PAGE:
Thursday, 14 April 2011
Review: Four Sided Triangle
Four Sided Triangle (1953)
What would you do if you had a machine that could duplicate anything? And I mean anything? How would it alter our world? What would the implications be for the economy? The arts? Defence? Daily life? What if it opened up some very unpleasant possibilities–like duplicating people?
Hammer Films's first science fiction film before it took the plunge with The Quatermass Xperiment in 1955, Four Sided Triangle is a foreshadowing of greater things to come. Directed by the legendary terrance Fisher and based on William F. Temple's popular novella by the same name, the film revolves around Lena, Bill, and Robin (Barbara Payton, Stephen Murray, John Van Eyssen); childhood friends who are drawn back together in adulthood by Bill and Robin's new invention, which turns out to be a matter duplicator. During the intense, inward-looking work of perfecting their machine, the trio's success is marred when they discover that both men have fallen in love with Lena. Normally, this is the cue for some powerful jealousy and impossible frustrations, but when you've got a matter duplicator on hand, certain alternatives begin to present themselves. In this case, its a matter of, if two men love one woman, then why not duplicate said woman? It seems like a reasonable solution and Lena is willing to go along with it, but they overlook one detail that causes the arrangement to rapidly disintegrate as the duplicate Lena discovers that she still loves the man the original has married and that she's as cut off from her desires, too.
This isn't your usual science fiction epic. There's neither the antiseptic laboratory nor the Frankensteinian ruins. Instead, the plot in Four Sided Triangle takes place in an idyllic little village where the laboratory is an old barn while the action is underscored by the musical direction of Muir Matheson. The film is even introduced by our narrator, the village doctor (James Hayter), leaning against a five-bar fence and delivering his lines in a way that makes the audience expect him to start selling them loaves of bread. It's a clumsy structure and gives the film the feel of a bad documentary blended with a magazine short story. However, you can see the beginnings of Fisher's talent that shines through his lack of confidence in his story telling abilities. He feels too much of a need to show back story in painful detail, but his visual style is already strong and when he lets the camera do its job, it does it well. This is especially true in the laboratory scenes where Fisher actually exploits the minimal budget by giving the place a ramshackle, jerry rigged appearance that is both dramatic and suspenseful–mostly because you expect it all to blow up at any second. As the matter duplicator is built, Fisher shows the exuberance of industry and invention as well as the developing romantic triangle. If Fisher trusted his own talents, these scenes would have been classic.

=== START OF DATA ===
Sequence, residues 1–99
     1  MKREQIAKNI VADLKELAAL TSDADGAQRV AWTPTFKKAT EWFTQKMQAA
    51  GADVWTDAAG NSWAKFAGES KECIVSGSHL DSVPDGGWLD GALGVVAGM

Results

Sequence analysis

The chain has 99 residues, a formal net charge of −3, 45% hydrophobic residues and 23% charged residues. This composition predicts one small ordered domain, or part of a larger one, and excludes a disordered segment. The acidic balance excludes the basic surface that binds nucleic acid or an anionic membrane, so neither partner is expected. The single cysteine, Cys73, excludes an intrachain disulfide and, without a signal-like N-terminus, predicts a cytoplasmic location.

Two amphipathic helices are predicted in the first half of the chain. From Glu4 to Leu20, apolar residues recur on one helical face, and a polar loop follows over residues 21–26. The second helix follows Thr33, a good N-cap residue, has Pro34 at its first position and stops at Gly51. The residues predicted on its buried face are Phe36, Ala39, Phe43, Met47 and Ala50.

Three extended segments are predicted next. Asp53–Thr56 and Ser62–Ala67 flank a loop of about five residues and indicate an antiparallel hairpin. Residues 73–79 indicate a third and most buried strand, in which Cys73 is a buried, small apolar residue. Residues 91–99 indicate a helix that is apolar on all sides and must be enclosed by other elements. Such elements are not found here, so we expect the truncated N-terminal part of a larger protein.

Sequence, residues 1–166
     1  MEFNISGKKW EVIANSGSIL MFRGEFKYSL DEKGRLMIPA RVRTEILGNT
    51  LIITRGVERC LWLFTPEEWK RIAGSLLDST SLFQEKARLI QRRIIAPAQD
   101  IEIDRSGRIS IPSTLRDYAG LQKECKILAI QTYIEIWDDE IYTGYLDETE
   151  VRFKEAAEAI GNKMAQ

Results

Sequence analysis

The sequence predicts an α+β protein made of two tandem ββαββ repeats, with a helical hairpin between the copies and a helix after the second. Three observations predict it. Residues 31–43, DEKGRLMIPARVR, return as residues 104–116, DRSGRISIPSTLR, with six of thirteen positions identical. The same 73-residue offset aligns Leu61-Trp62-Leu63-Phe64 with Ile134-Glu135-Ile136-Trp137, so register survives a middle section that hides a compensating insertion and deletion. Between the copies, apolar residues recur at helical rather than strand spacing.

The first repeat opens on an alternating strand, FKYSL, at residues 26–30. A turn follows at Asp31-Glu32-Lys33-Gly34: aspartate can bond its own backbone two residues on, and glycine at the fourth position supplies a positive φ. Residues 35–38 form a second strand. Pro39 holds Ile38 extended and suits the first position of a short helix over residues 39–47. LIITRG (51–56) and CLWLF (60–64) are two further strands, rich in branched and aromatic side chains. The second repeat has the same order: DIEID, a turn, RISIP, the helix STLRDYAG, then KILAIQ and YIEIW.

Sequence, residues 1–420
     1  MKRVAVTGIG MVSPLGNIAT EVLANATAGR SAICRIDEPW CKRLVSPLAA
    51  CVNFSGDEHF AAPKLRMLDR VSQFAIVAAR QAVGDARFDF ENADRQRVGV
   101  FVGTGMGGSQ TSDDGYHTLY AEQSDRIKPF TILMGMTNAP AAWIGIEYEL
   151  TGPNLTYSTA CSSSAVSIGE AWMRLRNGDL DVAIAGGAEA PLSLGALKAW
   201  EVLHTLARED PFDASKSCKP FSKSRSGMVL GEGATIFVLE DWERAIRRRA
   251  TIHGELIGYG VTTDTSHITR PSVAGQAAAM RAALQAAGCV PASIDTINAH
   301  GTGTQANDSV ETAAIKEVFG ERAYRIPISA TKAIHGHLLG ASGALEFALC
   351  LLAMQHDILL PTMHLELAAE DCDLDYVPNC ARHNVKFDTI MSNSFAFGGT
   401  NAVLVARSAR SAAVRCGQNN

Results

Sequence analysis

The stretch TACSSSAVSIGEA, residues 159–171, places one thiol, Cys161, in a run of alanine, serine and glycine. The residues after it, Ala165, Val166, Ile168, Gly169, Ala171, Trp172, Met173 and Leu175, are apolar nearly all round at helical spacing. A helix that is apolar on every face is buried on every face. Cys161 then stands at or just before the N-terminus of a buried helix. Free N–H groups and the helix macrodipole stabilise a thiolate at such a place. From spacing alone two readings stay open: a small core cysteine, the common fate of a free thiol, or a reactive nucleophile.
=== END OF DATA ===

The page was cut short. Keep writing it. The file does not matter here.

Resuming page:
The cast is also strong and help to sell the story in a way that the basic special effects couldn't hope to. Susan Payton, as an English girl who's been living in America to explain her uneven accent, is a competent actress who manages to make us forget that her career and personal life were already in a terminal dive while Murray and Van Eyssen manage to make enough contrast between their roles that we believe them as friends both divided and united by their love of the same woman.
In the end, Four Sided Triangle is a story of good intentions of well-meaning people leading to tragedy. The film version lacks the plot twist and irony of the novella, and the ending is clumsier than it should be, but
it's still a bit Hammer history worth the effort of tracking down.